Semen of Ulster rugby star Olding found on alleged victim's clothes
Expert medical witness tells rape trial that most victims of sexual assaults 'let it happen'
Semen containing the DNA of Ulster and Ireland rugby player Stuart Olding was found on the clothes of a woman he is accused of raping, a court has heard.
Samples taken from the young woman's clothes she wore on the night of the alleged attack were examined by a senior forensic scientist.
Giving evidence in court, the Forensic Service officer confirmed that traces of Mr Olding's semen were found on the complainant's white jeans, underwear and black sequins top.
Mr Olding (24) and his teammate Paddy Jackson (26) deny rape.
Mr Jackson denies a further charge of sexual assault.
Two other men are also on trial on charges connected to the same alleged incident.
Blane McIlroy (26) is charged with exposure and Rory Harrison (25) is charged with perverting the course of justice and withholding information. Both deny all charges.
Meanwhile, a leading medical expert who has vast experience in rape and sexual assault cases told the court that most victims of sexual assaults allow it to happen.
Dr Janet Hall, who was giving evidence on behalf of the defence, was asked by crown prosecution Toby Hedworth QC whether, through her research and experience, most victims of sexual assaults resist or do they "let it happen".
She told the court that "overwhelming evidence" shows they allow it to happen.
Dr Hall raised concerns about blood and a laceration on the vaginal wall that was found 14 hours after the alleged attack.
She said she looked at the video of the examination of the complainant, who was aged 19 at the time, as well as notes provided by the doctor who carried out the examination at a sexual assault centre in Co Antrim.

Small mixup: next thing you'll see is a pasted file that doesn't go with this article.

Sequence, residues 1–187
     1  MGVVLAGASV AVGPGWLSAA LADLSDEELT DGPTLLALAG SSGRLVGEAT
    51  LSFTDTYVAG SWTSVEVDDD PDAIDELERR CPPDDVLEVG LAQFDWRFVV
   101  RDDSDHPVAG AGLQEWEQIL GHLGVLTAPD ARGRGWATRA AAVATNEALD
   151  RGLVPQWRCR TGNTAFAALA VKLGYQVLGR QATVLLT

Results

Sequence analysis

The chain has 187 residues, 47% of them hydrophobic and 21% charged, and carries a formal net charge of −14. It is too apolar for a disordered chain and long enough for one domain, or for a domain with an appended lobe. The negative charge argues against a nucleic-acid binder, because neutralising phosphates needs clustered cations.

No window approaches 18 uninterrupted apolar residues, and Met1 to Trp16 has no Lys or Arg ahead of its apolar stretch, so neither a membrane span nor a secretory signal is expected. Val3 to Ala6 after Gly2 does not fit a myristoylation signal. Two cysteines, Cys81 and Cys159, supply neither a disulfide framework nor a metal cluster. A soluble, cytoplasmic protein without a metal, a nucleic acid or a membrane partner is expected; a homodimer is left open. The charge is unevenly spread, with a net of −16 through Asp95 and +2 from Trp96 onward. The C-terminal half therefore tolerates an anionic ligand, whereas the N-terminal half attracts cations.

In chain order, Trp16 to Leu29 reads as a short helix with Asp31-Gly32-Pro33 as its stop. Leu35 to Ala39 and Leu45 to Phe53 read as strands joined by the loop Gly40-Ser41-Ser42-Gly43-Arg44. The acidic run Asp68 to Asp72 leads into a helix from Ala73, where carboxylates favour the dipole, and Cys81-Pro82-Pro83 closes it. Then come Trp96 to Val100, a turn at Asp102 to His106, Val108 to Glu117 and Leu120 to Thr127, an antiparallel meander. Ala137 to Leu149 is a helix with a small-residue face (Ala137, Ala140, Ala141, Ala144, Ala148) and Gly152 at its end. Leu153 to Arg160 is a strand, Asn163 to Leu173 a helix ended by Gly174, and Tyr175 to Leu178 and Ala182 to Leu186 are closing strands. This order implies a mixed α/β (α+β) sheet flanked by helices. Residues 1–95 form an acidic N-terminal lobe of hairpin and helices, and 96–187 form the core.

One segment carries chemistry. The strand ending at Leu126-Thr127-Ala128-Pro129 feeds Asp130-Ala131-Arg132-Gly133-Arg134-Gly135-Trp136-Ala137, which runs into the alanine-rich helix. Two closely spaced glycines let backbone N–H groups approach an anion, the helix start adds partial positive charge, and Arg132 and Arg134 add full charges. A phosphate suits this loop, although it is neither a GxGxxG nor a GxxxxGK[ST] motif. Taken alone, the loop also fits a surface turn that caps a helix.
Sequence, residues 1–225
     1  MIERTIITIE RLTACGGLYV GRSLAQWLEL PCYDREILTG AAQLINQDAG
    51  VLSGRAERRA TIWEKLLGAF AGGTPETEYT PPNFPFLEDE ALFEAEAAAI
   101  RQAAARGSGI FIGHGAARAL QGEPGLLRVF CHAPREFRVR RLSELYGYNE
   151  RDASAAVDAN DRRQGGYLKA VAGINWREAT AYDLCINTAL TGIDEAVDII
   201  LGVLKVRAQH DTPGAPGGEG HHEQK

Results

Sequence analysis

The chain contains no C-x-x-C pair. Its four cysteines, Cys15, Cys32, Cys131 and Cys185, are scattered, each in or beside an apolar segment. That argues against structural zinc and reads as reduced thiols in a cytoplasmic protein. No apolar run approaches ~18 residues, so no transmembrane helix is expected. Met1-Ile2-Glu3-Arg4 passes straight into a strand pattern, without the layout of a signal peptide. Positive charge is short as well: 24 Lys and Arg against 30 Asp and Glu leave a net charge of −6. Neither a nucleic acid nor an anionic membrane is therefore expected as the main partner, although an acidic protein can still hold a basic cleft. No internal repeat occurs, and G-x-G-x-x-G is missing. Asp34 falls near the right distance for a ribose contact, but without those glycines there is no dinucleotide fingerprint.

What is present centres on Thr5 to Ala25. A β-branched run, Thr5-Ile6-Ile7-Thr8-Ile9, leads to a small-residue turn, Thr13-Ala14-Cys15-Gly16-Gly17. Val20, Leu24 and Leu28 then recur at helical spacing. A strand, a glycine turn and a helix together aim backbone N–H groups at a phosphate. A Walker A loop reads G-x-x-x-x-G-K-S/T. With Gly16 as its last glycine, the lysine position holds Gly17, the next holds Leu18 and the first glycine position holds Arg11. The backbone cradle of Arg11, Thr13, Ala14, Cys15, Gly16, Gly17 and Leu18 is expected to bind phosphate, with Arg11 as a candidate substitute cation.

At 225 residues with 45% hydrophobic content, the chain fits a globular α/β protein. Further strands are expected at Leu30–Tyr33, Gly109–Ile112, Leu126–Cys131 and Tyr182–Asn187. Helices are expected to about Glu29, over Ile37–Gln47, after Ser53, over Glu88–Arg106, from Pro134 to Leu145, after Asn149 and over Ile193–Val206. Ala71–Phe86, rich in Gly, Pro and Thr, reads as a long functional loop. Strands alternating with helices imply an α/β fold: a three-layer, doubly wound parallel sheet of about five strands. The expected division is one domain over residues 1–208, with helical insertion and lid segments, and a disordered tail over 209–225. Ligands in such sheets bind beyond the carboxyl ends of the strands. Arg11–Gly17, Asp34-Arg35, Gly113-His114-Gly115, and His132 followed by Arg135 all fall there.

The examining doctor found a laceration measuring 2-3cm which he found had been caused by blunt forced trauma.
Dr Hall said that although blood could be seen in the recordings, there was no indication of where the blood was coming from and "no mention of whether menstrual flow was observed".
She said she has conducted these examinations "many times" and when asked by Mr Jackson's lawyer, Brendan Kelly QC, of the purpose of such recordings, she said it provided a visual confirmation of any findings.
"We all know that a picture tells the whole story more than any words. If you see it in front of you, you know what you are looking at," she said.
Speaking about the video, the doctor added: "It did not show me the laceration and I was confused where the laceration was."
She told the court that it "was just a pool of blood" and there was no note to explain whether or not the blood was of menstrual flow.
"It didn't show me where the laceration was, just where the blood was," she added.
When discussing injuries in rape and sexual offences, the doctor said that tears to the vaginal wall are the "least common of injuries".
She said: "If this injury was caused by a penis which was used by excess force, then I would have expected outer structures to be injured.
"It's hard to believe an injury happened inside and not to the protecting structures outside, " she added.
The trial continues.